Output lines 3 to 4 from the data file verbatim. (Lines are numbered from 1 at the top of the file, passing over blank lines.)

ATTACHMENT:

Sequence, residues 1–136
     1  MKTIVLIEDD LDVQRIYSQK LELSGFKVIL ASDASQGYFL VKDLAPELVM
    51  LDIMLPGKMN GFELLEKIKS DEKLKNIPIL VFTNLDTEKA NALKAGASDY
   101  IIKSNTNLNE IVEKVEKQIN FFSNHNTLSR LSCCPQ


    51  LDIMLPGKMN GFELLEKIKS DEKLKNIPIL VFTNLDTEKA NALKAGASDY
   101  IIKSNTNLNE IVEKVEKQIN FFSNHNTLSR LSCCPQ